Vaya con Dios, Diego...honor society MIA
Dónde en el mundo es Diego Rivera? At the onset of the 2016-2017 West school year, Spanish students were informed that the honor society would be disbanded. Diego Rivera allowed avid Spanish students to graduate with honors in the language if they maintained a B or higher average and were actively involved in activities pertaining to the Hispanic culture. For language department chair, Spanish teacher, and advisor of Diego Rivera, Kathy Heinen, dissolving the honor society wasn’t easy, but it was necessary due to multiple Spanish organizations overlapping.
“After the language department’s end of the year evaluation, we realized that there were four extracurricular Spanish opportunities” she said. “These opportunities being Spanish club, the AFS study abroad program, Diego Rivera, as well as the Global Education Achievement Certificate offered through the Global Academy.”
Like Heinen, numerous members of the honor society were disappointed when word spread about the organization’s termination. Senior Diego Rivera member, Emily Edsell, was disappointed to hear of the loss.
“It’s unfortunate that Diego Rivera will no longer be provided at Oshkosh West,” she said. “I believe it motivated students to get good grades and it helped them find a passion for the raw beauty of the language and culture.”
Like Edsell, senior Diego Rivera member Austin Fox was also distraught to see the society vanish. Fox reflected on his experience last year.
“When I heard that Diego Rivera wasn’t going to be continued this year, I was confused and upset,” he said. “Diego Rivera helped me get to know my other Spanish speaking colleagues and it helped me understand what it means to be a Spanish student.”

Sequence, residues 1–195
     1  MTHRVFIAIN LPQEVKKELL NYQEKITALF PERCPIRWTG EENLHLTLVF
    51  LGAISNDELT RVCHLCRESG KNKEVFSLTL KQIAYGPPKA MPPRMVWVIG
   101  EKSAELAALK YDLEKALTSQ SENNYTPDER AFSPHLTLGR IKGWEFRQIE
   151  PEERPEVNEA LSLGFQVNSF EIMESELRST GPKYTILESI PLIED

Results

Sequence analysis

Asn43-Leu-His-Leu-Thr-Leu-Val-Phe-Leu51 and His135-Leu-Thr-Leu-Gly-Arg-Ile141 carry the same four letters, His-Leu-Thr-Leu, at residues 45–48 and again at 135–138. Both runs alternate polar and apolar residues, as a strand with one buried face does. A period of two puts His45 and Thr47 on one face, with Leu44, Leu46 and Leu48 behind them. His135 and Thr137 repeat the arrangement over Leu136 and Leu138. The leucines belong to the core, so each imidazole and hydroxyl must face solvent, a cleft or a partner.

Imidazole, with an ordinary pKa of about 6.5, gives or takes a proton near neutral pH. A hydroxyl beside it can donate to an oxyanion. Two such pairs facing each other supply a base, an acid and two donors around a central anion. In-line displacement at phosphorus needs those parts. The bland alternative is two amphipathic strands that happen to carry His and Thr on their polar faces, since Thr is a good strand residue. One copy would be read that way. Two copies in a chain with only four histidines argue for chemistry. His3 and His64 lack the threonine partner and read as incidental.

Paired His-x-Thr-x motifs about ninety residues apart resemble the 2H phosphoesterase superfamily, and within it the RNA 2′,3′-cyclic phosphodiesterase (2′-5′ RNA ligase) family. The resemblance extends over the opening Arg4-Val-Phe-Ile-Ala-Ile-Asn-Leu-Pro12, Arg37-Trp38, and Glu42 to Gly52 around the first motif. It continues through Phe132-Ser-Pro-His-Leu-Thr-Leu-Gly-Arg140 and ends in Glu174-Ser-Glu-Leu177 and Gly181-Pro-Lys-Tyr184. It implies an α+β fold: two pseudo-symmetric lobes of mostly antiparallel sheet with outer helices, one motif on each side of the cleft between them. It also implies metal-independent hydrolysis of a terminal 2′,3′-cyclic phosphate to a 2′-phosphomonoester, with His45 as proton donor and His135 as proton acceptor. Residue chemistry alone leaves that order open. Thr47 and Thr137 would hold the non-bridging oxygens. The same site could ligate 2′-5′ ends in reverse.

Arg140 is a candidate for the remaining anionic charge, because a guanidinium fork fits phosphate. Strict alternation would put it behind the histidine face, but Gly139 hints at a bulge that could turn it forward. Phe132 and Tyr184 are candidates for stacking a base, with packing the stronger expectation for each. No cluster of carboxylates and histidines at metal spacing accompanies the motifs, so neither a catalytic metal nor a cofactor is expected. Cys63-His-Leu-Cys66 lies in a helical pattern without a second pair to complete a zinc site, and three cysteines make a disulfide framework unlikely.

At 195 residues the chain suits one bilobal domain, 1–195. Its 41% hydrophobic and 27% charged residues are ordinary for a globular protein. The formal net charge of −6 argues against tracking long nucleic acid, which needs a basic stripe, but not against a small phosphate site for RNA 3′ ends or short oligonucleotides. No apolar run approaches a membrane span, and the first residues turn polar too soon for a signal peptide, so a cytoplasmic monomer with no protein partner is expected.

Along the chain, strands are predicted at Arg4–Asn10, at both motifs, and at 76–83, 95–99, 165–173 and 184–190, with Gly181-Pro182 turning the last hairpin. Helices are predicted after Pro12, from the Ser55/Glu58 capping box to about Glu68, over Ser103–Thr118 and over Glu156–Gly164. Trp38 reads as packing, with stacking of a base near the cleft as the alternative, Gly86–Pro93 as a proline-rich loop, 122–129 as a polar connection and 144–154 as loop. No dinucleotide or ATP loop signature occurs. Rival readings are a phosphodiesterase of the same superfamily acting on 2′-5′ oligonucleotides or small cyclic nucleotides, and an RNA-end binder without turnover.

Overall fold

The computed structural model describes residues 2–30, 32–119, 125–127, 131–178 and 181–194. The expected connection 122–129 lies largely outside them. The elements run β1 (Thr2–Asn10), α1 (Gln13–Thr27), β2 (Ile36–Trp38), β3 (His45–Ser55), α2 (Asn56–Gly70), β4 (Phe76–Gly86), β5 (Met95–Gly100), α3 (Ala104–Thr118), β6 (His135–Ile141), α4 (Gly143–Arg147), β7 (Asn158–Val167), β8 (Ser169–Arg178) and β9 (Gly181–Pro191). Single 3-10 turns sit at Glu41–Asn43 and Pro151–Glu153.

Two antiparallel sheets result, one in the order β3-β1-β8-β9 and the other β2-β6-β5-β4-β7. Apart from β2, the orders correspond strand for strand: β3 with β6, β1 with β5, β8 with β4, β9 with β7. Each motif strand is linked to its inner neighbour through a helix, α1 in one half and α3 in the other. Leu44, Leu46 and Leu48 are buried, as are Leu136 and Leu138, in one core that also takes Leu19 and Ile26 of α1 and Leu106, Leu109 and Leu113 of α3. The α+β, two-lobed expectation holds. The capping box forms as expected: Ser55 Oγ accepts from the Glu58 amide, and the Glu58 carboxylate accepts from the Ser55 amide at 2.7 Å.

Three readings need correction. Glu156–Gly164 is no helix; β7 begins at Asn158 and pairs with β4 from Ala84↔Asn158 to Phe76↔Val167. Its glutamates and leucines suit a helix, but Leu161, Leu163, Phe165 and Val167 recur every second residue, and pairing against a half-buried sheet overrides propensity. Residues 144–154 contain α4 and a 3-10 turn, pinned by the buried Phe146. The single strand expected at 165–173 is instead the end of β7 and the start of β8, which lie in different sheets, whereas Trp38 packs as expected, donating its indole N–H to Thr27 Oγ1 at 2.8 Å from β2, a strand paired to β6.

Despite disappointment from members, Heinen perceived numerous drawbacks that prohibited the honor society from flourishing.
“Many students involved in Diego Rivera were also involved in many other extracurricular activities at West, causing overlaps and time issues with our activities,” she said. “Other opportunities, like the Global Education Achievement Certificate offered through the Global Academy program, also allows students to graduate with honors as well as giving students the ability to partake in cultural experiences and opportunities, just as Diego Rivera did.”
Despite the extra-curricular redundancies, many students wish to see the return of Diego Rivera in the near future in order to create memories for others.
“I would love for Diego Rivera to come back,” Edsell said. “I believe West has an amazing foreign language department and Diego Rivera made it even better!”
The elimination of the honor society has been accompanied by the speculation of a decline in language enrollment but, contrary to popular belief, the language program is actually expanding rather than declining due to the increased enrollment.
“More people are continuing their Spanish education throughout all of high school, rather than only doing the two years required for college admission,” Heinen said. “Many students are beginning to realize the benefits of increasing their skills and continuing their foreign language education throughout high school.”
Numerous students, like Edsell, are choosing to go beyond the two year requirement and pursue Spanish as a long- term commitment.
“I believe my interest in Spanish grew immensely being involved,” she said. “It actually became a big part of what pushed me to pursue a major/minor in Spanish at a four year university next year.”
Although there may not be any light at the end of the tunnel for Diego Rivera, Heinen hopes that students will still find other ways to get involved in the Spanish culture here at West and throughout the community.
“I hope that students will take advantage of the opportunities being offered through Spanish club, which will still be available to Spanish students, as well as those being presented through the Global Academy program,” she said.